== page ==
Pollen-bearing soap bubbles may provide an effective and convenient form of artificial pollination
You have heard no doubt that bees are dying off, and that you should be worried about it. For the same reason, people are worried about cuddly polar bears, but not as many people are concerned about bees compared to the bears. Bees are integral to food production and hence their extinction is more threatening. Greenpeace reports that from 1947 to 2008, US National Agricultural Statistics showed a 60 percent decrease in the number of honeybee hives. Around one-third of your food can be attributed to the pollination of honey bees, so that’s a big deal. To aid in replacing these bees, Researchers have built a bubble-making drone capable of artificial pollination of flowers.
This research was carried out at the Japan Advanced Science and Technology Institute (JAIST) with the simple goal of providing a practical means of artificial pollination. Since years a number of scholars around the world have been working on this subject and some of them have experienced modest results. Yet it has not been realistic for robotic pollinators. They have to make direct contact with flowers, which is highly inefficient and sometimes leads to flower damage. Artificial pollination approach solves all problems, and in retrospect seems almost obvious: just fire pollen-laden bubbles at the flowers.
If you were at a birthday party for a kid then you already know how easy it is to make soap bubbles. The researchers developed special pollen carrying solutions in those bubbles, which was specially designed for effective pollination. They then placed the solution in a bubble system attached to a regular hex copter drone’s bottom. The drone can fly over flowers at two meters of speed per second and two meters of height, and still achieve a 90 percent pollination success rate. In no way will the bubbles hit flowers, but it is hardly important when you spray a field with thousands of bubbles per second.
In a press release for a paper published in the iScience newspaper 17-JUN-2020, JAIST researcher Eijiro Miyako explains how his team operated on a small pollinating drone which had the unfortunate side effect of constantly killing the flowers with which it came into touch. Frustrated, Miyako wanted to consider a suitable method for artificial pollination, and when blowing bubbles with his son at a playground, Miyako realized that if those bubbles could hold pollen grains, they would make a perfect distribution system: You can create and transport them very efficiently, generate them easily and after delivering their payload they literally disappear. Of course, they are not targetable, but it’s not like they need to chase anything, and there’s absolutely no reason not to compensate with high volume for low precision.
One advantage of using bubbles instead of feather brushes is that the bubbles require significantly less pollen. The researchers found that a feather brush applies about 1800 milligrams of pollen to each flower, whereas the bubbles require only 0.06 milligrams. That means farmers will need to harvest even less pollen before they manually pollinate their flowers if they apply it to a soap solution.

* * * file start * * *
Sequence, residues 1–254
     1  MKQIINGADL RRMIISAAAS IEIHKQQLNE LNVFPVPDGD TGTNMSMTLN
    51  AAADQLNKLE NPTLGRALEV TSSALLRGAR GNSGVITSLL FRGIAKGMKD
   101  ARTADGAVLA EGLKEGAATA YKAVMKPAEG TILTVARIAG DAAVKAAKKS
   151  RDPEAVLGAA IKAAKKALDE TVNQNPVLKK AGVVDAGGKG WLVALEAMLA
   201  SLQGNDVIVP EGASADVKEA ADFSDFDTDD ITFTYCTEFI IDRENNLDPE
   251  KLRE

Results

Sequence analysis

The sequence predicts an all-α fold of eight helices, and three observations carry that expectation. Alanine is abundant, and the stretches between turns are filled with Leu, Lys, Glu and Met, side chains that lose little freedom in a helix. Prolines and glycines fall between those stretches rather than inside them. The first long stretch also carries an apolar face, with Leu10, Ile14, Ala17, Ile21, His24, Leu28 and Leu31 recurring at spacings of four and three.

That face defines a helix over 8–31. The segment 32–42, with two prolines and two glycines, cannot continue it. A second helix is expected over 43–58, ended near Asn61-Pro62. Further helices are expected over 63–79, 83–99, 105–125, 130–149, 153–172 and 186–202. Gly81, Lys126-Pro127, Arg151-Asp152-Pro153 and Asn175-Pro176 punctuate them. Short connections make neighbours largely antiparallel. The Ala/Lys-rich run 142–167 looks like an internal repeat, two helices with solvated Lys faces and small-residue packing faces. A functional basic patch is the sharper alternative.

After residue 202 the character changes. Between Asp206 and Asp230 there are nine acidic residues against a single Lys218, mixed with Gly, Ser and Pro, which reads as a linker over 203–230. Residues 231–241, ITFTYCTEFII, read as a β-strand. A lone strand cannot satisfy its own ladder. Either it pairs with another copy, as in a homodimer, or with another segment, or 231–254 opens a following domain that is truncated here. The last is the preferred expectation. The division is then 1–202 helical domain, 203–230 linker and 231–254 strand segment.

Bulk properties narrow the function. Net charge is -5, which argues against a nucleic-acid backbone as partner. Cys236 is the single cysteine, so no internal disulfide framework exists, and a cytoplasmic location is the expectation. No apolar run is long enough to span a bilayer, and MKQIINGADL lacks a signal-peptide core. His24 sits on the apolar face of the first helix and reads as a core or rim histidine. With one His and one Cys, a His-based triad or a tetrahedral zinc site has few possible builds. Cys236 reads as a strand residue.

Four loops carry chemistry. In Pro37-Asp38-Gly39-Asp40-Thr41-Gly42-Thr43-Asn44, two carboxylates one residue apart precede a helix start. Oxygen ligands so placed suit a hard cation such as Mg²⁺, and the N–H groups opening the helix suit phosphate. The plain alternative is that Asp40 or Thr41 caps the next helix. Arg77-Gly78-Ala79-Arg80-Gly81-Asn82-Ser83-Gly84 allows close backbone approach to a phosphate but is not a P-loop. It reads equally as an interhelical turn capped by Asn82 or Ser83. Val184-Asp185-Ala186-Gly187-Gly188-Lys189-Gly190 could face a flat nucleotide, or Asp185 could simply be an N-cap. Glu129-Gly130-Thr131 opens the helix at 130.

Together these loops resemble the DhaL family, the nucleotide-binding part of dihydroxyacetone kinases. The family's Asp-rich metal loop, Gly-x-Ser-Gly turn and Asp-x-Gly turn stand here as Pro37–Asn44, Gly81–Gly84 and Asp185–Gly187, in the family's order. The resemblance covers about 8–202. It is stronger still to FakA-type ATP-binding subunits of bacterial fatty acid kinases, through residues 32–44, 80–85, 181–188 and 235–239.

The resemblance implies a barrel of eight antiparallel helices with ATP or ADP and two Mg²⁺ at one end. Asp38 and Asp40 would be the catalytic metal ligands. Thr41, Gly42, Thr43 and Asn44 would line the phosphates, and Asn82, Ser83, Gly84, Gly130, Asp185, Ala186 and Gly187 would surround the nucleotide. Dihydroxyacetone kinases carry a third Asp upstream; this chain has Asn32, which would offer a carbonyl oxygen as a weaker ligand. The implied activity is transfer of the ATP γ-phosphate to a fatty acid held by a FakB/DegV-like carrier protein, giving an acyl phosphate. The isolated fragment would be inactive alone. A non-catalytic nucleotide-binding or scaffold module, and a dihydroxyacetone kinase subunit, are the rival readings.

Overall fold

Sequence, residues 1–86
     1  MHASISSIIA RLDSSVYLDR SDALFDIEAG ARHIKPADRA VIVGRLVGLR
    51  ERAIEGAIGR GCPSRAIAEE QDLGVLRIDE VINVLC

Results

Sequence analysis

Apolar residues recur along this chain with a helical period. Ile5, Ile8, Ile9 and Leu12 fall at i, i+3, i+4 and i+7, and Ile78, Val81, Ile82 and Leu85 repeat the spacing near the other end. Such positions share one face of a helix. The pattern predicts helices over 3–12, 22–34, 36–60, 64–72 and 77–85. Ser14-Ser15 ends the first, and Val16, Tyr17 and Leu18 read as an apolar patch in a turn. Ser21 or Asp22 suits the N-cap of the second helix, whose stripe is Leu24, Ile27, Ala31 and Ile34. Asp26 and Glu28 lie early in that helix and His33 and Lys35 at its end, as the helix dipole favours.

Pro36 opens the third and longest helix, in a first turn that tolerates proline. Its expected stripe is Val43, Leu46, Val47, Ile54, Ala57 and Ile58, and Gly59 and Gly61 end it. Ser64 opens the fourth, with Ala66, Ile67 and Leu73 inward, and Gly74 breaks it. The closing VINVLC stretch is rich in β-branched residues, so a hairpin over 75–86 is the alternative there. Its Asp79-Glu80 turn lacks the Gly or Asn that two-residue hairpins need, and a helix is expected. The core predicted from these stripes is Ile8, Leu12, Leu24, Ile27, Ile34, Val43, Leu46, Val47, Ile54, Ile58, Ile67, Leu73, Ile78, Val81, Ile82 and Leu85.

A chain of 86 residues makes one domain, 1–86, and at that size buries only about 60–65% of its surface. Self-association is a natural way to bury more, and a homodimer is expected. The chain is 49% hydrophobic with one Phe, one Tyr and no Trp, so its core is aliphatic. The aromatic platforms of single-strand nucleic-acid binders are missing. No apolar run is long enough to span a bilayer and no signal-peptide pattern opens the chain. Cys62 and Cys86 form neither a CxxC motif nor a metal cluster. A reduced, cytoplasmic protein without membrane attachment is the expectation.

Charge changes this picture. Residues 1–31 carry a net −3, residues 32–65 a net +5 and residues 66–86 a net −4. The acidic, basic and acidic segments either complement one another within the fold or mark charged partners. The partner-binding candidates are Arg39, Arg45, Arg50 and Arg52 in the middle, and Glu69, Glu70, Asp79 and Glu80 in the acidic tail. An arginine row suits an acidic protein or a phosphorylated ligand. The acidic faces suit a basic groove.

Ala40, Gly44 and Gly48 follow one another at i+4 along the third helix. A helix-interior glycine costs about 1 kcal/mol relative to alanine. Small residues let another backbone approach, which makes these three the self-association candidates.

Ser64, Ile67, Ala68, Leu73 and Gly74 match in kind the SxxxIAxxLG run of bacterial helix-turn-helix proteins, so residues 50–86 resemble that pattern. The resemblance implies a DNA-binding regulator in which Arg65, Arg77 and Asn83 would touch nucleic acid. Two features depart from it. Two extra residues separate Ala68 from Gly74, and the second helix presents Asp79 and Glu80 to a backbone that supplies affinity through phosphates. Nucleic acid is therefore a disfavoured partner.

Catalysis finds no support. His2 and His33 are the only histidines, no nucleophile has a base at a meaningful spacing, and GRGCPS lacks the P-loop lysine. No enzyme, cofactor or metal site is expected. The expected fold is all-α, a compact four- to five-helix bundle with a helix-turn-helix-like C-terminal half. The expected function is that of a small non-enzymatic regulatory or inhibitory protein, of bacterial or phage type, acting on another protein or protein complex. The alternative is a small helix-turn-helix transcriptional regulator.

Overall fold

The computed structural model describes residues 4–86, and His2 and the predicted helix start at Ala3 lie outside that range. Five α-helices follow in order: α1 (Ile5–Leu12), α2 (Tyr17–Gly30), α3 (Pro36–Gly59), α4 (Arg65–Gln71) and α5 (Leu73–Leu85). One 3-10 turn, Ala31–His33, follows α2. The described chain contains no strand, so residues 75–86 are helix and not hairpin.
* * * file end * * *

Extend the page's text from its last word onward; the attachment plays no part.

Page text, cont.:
Henry Williams, a roboticist at the University of Auckland, who was not involved in the work says those savings could be significant. Considering the economy, he helped develop a pollinating robot of the size of a golf cart. Using a movable ram, it will move through a kiwi orchard that distinguishes individual kiwi flowers and pollinates them with a liquid sprayer. “Pollen was a considerable expense during the pollination season, and the primary impetus for the project was reducing pollen consumption,” he says. It used less pollen than handheld sprayers or air blowers because the robot targeted the spray precisely onto flowers. Bubbles may have the potential for incremental savings, he notes.
Miyako also works with robots, albeit a lot simpler. His team attached a bubble sprayer to an aerial drone and programmed the drone to fly a path around a line of fake lily flowers. They found that the drone could hit 90 percent of the flowers with bubbles after trying different speeds and heights.
The concern was so many bubbles exceeded their targets, and pollen lost. Miyako suggested two improvements: Better targeting by having a drone that could identify flowers might improve outcomes and formulating an environmentally friendly soap bubble solution that can biodegrade more rapidly.
However, Yu Gu, a roboticist at the University of West Virginia, is skeptical about using drones to deliver bubbles. He points out that the wind from the rotors makes it difficult to locate the bubbles with accuracy. They might be delivered more efficiently from a ground-based robot, such as a wheeled unit with a manipulator’s arm. Gu and colleagues have only this sort of robot, initially designed to gather samples on missions in space. And they’ve tested it in a greenhouse, pollinating raspberries. It uses a fine brush to collect and distribute pollen, which saves the step of collecting a supply of pollen.
Simon Potts, an agro-ecologist at Reading University, worries that such efforts will distract from the preservation of bees, which in many places are declining. The solution to bubbles raises the possibility of chemical interaction with pollination and polluting water, he says. “This is yet another piece of smart engineering that is being shoehorned to solve a problem that can be solved much more efficiently and sustainably.”
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